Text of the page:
of Report EH 94-02 -- Entitled
"Air Monitoring for Methyl Isothiocyanate
During a Sprinkler Application of Metam-Sodium
Environmental Monitoring and Pest Management
Department of Pesticide Regulation
In response to complaints of odor and irritation from metam-sodium applications, this study was conducted to determine possible air concentrations of methyl isothiocyanate (MITC), the major breakdown product and active fumigant of metam-sodium, during a "worst case" application scenario. Metam-sodium was applied by a fixed-set sprinkler system to a 20-acre fallow field in Kern County in August, 1993.
The Environmental Hazards Assessment Program of the Department of Pesticide Regulation (DPR) collected air samples during application and the following 68 hours at 10 locations around the field, ranging from 5 m to 150 m from the edge of the application area. Hydrogen sulfide and carbon disulfide levels, minor breakdown products of metam-sodium, were also monitored during several periods following application.
Maximum MITC concentrations occurred during the application period where downwind levels
measured 2450 ppb at 5 m from the field edge and 1320 ppb at 150 m from the field edge. The
next highest levels occurred during the interval following the watering-in period. Hydrogen
sulfide readings were highest during application, ranging from below the detection limit to 76
ppb at a distance of 75 m from the field. All samples analyzed for carbon disulfide were below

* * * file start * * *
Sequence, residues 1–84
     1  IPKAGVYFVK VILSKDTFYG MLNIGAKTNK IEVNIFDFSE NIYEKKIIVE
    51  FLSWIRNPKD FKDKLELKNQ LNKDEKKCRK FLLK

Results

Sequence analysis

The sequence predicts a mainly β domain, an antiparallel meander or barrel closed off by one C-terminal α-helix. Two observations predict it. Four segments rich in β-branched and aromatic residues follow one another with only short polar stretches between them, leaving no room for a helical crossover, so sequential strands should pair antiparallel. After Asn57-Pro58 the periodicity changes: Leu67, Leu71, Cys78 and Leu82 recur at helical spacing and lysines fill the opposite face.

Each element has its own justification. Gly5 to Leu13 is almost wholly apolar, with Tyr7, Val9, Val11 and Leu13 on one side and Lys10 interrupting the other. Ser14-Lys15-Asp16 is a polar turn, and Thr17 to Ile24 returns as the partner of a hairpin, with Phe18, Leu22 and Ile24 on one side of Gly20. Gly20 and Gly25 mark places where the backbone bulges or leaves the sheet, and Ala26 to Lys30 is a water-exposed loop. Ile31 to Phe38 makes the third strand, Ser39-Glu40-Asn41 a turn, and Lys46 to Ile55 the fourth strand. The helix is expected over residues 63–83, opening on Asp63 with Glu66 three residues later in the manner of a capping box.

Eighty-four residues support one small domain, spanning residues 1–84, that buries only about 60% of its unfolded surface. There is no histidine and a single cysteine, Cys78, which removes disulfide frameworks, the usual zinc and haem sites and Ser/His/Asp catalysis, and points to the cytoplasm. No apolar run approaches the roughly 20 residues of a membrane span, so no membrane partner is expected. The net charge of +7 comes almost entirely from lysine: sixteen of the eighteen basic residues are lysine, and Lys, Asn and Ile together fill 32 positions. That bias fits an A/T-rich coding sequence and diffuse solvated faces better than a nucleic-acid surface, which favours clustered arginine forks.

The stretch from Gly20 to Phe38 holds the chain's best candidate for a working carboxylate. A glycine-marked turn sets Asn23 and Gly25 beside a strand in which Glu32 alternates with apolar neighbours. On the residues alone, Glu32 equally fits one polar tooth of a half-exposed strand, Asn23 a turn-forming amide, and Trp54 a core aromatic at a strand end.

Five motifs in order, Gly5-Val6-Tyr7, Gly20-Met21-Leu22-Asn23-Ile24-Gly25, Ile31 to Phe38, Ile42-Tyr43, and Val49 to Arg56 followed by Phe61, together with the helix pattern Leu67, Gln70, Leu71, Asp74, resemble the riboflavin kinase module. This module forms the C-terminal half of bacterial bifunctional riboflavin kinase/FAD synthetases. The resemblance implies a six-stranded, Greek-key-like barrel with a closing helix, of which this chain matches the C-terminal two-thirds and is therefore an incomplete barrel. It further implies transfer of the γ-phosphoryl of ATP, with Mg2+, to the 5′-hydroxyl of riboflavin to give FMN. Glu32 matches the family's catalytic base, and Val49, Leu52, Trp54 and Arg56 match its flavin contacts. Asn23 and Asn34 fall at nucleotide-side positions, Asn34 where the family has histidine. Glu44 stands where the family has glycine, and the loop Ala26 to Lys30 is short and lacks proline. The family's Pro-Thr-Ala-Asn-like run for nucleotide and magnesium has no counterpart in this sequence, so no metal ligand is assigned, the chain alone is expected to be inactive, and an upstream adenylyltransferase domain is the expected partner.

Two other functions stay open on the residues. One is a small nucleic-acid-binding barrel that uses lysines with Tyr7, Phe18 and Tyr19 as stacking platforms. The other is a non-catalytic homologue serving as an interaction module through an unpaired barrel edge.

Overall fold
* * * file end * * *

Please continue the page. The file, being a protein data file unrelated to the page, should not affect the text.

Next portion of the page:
the laboratory quantification limit of 4 ppb.
The Department of Pesticide Regulation, Environmental Hazards Assessment Program, monitored air surrounding a field in Kern County treated with metam-sodium in August 1993. This information will be used to determine whether it is necessary to reduce off-site movement of metam-sodium breakdown products in air.
Metam-sodium is a soil fumigant used to control fungi, bacteria, nematodes, weeds, and soil insects. It is applied before planting, either by direct injection into soil or by metering into an irrigation system. Applied to moist soil, metam-sodium degrades rapidly to methylisothiocyanate (MITC), which is the pesticidal active agent, and several minor breakdown products, including hydrogen sulfide (H2S) and carbon disulfide (CS2).
Over the last several years, there have been reports of odor, eye and nose irritation, headache, nausea, and sore throats by residents living near fields treated with metam-sodium. These incidences have been reported under a variety of conditions and in various locations, including in Contra Costa, Kern, Kings, Riverside, San Joaquin, and Santa Barbara Counties. To minimize off-site movement, guidelines were developed for all metam-sodium applications. These guidelines specify soil conditions for applications; field monitoring, especially of odors; soil sealing procedures for soil injection applications; and conditions to minimize off-site movement during and after sprinkler irrigation applications.
Before 1993, there was little information on the concentrations of metam-sodium breakdown products in air adjacent to metam-sodium-treated fields. In March 1993, the Air Resources Board (ARB) conducted monitoring in Contra Costa County to obtain air data under conditions typical for application in that county where MITC emissions were expected to be relatively low: cool air, cool soil temperatures, and a soil injection application. The current study was conducted to gather air monitoring data under conditions that would favor maximum emissions.